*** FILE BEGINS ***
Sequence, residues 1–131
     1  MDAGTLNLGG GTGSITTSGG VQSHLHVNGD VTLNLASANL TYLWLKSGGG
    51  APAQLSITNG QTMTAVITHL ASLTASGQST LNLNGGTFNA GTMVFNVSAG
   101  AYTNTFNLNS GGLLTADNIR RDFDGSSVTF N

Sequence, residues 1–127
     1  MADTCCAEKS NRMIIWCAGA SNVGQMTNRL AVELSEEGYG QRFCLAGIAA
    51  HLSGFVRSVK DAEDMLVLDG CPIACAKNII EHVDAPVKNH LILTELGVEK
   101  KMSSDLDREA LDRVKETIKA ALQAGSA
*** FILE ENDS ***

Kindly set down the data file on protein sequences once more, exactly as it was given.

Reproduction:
Sequence, residues 1–131
     1  MDAGTLNLGG GTGSITTSGG VQSHLHVNGD VTLNLASANL TYLWLKSGGG
    51  APAQLSITNG QTMTAVITHL ASLTASGQST LNLNGGTFNA GTMVFNVSAG
   101  AYTNTFNLNS GGLLTADNIR RDFDGSSVTF N

Sequence, residues 1–127
     1  MADTCCAEKS NRMIIWCAGA SNVGQMTNRL AVELSEEGYG QRFCLAGIAA
    51  HLSGFVRSVK DAEDMLVLDG CPIACAKNII EHVDAPVKNH LILTELGVEK
   101  KMSSDLDREA LDRVKETIKA ALQAGSA